Update: Snake spotted near construction zone in Pukalani is captured and euthanized
May 16, 2023, 8:50 AM HST
* Updated May 16, 2:24 PM
A live snake was captured in Pukalani on Maui Monday afternoon on the side of the road near the Pukalani Golf Club, officials have confirmed.
The Hawaiʻi Department of Agriculture reports that a resident reported that he saw children playing with a snake at about 3 p.m. yesterday. Another resident reported seeing the snake just off the sidewalk in a construction zone along Liholani Street at around 3:50 p.m.
Agricultural inspectors from the Maui Plant Quarantine Branch were immediately dispatched and found the snake had been contained in a plastic garbage bin. The snake measured 3½ feet long and has been tentatively identified as a non-venomous female gopher snake.
Snakes are illegal in Hawaiʻi. Gopher snakes are found in North America and can grow up to about seven feet. Its diet consists of small rodents, young rabbits, lizards, birds and their eggs. Prey is killed by constriction and suffocation.
Maui Police Department officers on the scene and assisted inspectors in securing the snake. Inspectors surveyed the immediate area and no other evidence of snakes was found.
The HDOA reports the snake was transported to the Plant Quarantine Office and was humanely euthanized.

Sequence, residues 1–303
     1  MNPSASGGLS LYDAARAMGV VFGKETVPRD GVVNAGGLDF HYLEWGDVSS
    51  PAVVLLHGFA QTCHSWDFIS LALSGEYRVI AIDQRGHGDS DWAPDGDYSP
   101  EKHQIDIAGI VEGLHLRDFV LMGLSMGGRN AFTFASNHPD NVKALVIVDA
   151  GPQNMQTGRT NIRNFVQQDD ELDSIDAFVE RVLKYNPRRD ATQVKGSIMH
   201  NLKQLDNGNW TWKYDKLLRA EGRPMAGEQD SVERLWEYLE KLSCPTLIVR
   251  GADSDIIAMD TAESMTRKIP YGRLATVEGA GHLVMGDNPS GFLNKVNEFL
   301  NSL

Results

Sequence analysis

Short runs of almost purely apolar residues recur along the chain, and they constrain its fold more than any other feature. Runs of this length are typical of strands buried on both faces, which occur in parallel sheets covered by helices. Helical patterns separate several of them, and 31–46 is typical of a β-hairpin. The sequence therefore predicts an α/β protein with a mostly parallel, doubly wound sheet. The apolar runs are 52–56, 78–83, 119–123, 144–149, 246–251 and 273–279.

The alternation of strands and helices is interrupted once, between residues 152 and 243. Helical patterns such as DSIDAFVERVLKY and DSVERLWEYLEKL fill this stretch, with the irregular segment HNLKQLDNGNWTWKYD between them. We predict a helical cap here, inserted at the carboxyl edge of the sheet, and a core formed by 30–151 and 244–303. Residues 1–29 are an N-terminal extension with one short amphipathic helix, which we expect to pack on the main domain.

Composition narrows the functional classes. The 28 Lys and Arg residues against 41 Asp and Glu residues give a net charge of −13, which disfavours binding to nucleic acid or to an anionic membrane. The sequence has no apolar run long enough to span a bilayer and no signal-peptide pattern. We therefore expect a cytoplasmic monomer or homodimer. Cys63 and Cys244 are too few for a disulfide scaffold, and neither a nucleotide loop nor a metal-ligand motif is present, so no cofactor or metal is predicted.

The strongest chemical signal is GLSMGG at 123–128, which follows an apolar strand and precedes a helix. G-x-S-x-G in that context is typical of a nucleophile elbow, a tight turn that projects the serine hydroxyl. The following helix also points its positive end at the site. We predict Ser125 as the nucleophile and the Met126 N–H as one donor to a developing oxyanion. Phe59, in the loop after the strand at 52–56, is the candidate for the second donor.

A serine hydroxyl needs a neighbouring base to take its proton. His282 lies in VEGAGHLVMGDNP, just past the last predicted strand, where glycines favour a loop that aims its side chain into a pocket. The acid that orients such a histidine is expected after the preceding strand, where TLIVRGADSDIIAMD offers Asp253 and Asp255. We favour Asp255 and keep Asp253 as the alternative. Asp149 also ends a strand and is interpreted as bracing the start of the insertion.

A Maui resident called police after spotting a snake on the side of the road in Pukalani on Monday afternoon. The incident was reported at around 3:50 p.m. just off the sidewalk in a construction zone along Liholani Street.
Maui Now reached out to the state Department of Agriculture Wildlife Services branch and is awaiting response for information on the type of snake, its size, if it is venomous, if authorities captured the animal alive, and next steps.
In Hawaiʻi, snakes are illegal to possess, have no natural predators, and pose a serious threat to Hawaiʻi’s unique ecosystem as they compete with native animal populations for food and habitat.
When incidents like this occur, the HDOA reminds the public that those with illegal animals may turn them in under the State’s Amnesty Program to any HDOA office, Honolulu Zoo, Panaewa Zoo on Hawaiʻi Island or any Humane Society – no questions asked and no fines assessed.
Anyone with information about illegal animals should call the statewide toll-free PEST HOTLINE at 643-PEST (7378).
The maximum penalty under state law for possession and/or transporting illegal animals is a class C felony, $200,000 fine and up to three years in prison, according to the HDOA. Sightings or captures of illegal animals or invasive species should also be reported to the hotline.
*This story will be updated with more information as it becomes available.